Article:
This is not the first time I have felt self-conscious about running. I have felt the same way when I pass other runners pounding the same pavement as me. Up until last week, I wouldn't even run with another person, no matter who they were...not even my husband. I thought I looked too awkward and ran too slow. But as the weeks went on, I began to realize one thing: I AM a runner. I work just as hard, probably even harder than most people who do not have autoimmune issues, just to run a mile. However as I walked into that running tore, my new-found confidence evaporated.
I knew they would be doing an analysis of my running on a treadmill. I don't run my entire run; I use the Jeff Galloway run/walk method. At the time, I was running a minute, walking a minute, running a minute and switching off like that every minute. So essentially, I was only actually running 1/2 a mile. What if I couldn't run long enough to do the analysis? What if everyone stared at me wondering what the fat girl was doing in a running store?
You know what? I had a great experience at Fleet Feet. Stacy was great and treated me just like any other runner. She analyzed my gait and put me through various tests. We determined that my current shoes and orthotics were fine for now. It seemed to be that the issue was not actually with my knees, but with my hips. I had hip weakness, which directly affects the knees. She also though that part of the issue could be I was a new runner. She gave me some ideas for strengthening exercises I could do and just as importantly, introduced me to the foam roller. I will do a blog entry about the foam roller at a later date because it is just that awesome.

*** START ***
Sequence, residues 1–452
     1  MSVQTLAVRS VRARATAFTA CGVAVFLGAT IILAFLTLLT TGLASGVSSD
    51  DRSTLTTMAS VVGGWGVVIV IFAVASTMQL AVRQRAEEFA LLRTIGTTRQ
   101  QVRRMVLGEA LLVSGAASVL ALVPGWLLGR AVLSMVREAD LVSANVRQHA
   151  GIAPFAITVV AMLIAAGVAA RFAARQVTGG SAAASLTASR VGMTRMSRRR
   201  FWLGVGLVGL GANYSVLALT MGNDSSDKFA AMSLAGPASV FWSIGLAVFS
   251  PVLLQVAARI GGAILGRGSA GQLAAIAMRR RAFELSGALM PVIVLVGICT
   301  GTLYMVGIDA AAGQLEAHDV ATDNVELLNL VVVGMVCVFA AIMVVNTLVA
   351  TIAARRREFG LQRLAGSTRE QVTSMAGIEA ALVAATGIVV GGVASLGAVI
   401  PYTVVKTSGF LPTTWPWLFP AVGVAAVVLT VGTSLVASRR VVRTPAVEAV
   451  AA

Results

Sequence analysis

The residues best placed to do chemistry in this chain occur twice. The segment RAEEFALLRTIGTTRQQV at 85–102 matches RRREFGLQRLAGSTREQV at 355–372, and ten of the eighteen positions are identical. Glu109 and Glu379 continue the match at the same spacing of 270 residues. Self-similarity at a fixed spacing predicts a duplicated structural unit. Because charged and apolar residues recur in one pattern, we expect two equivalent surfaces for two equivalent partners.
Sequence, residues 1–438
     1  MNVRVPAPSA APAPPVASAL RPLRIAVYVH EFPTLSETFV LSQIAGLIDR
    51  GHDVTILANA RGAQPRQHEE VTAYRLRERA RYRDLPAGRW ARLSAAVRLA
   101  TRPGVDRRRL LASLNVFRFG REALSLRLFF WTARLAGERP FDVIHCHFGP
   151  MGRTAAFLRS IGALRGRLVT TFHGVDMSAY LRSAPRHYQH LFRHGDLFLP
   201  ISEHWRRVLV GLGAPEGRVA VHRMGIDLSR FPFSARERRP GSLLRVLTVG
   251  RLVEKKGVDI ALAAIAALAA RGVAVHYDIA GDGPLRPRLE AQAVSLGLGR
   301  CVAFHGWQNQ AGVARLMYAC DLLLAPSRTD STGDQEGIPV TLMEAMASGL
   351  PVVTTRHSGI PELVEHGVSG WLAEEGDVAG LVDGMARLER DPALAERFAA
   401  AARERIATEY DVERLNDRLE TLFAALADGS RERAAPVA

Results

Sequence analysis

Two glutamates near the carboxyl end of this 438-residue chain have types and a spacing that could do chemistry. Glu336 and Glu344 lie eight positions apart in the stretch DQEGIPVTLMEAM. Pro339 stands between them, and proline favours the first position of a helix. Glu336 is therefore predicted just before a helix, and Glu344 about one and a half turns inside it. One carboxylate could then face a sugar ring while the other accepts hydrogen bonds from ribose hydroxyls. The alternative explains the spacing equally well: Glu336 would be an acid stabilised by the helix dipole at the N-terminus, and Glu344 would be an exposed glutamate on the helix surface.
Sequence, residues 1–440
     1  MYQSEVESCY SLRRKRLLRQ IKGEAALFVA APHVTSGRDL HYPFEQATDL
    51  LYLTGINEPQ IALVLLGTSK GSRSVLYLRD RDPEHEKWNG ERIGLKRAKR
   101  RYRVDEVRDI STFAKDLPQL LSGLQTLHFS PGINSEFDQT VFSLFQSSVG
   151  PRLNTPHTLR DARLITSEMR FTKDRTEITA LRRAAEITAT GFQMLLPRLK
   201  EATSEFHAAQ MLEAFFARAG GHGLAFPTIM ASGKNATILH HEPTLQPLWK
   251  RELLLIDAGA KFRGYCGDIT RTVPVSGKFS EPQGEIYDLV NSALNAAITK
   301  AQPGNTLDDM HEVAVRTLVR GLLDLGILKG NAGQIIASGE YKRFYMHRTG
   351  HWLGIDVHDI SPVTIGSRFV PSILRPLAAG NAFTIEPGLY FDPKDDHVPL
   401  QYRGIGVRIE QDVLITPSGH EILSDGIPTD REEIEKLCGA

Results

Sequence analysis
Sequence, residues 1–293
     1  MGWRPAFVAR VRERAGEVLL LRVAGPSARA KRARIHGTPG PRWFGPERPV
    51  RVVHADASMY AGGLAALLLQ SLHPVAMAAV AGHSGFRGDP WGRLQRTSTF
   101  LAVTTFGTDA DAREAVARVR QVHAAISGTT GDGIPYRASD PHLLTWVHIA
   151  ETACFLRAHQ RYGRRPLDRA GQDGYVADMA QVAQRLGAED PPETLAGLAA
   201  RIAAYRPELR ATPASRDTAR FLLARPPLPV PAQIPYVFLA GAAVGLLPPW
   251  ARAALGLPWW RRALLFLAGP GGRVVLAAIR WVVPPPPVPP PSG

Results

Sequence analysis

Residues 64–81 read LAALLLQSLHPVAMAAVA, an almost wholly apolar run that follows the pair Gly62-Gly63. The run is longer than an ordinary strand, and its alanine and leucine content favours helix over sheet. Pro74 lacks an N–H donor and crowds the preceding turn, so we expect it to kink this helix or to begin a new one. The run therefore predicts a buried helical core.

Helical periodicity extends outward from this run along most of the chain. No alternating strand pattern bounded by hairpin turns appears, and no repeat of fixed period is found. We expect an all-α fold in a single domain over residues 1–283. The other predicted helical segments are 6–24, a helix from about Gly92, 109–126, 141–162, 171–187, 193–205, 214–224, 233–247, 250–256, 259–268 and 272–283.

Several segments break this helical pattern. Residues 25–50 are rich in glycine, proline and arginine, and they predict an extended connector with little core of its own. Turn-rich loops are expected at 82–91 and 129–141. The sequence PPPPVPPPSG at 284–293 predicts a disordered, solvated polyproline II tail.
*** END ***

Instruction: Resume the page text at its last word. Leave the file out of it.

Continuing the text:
After my assessment with Stacy, I wanted to just pay for my foam roller and leave. But, the thing was, there was stuff I wanted to look at. There was all kinds of neat running gear and I had been wanting to try some specialty running socks to see if they made a difference for my feet. I forced myself to take my time and browse through the store, just like I would if I was at a regular department store. I made eye contact with people. I acted like I belonged there. It wasn't easy, but there is something to be said for the phrase "fake it till you make it."
On the drive home from the store, I realized that while I am sure there are people who make judgments about overweight runners, the majority of my fear and insecurity was in my own imagination. Sure I know I am a slow runner and my cardiovascular status could use a lot of improving, but you know what? I am out there. I run when I am tired or when it rains. I run when it is ten degrees out and sometimes as early as 7:30am if it is the only time of day I can get it done. That is what makes me a runner; not the shape of my body or how my butt looks in spandex.
Since my appointment with Stacy and having worked on my strengthening, stretching, and cross training, my knee pain has disappeared. Of course I get leg pain later in the day on the days that I run and boy, do my muscles hurt at times, but I am no longer fearful that I am doing something to hurt my body. I no longer have to ice my knees after runs and I can feel the strength developing in my hips; not to mention how much stronger my legs look and feel.
I do belong in the running world because runners are dedicated and determined. They are courageous. Because I am weaning down on my prednisone dose, I cannot predict how this is all going to turn out for me. What I do know is that in thirty-four days, I will be running my first race: a 5K on New Year's Day.
A race to start fresh a new year.
My first full year as a runner.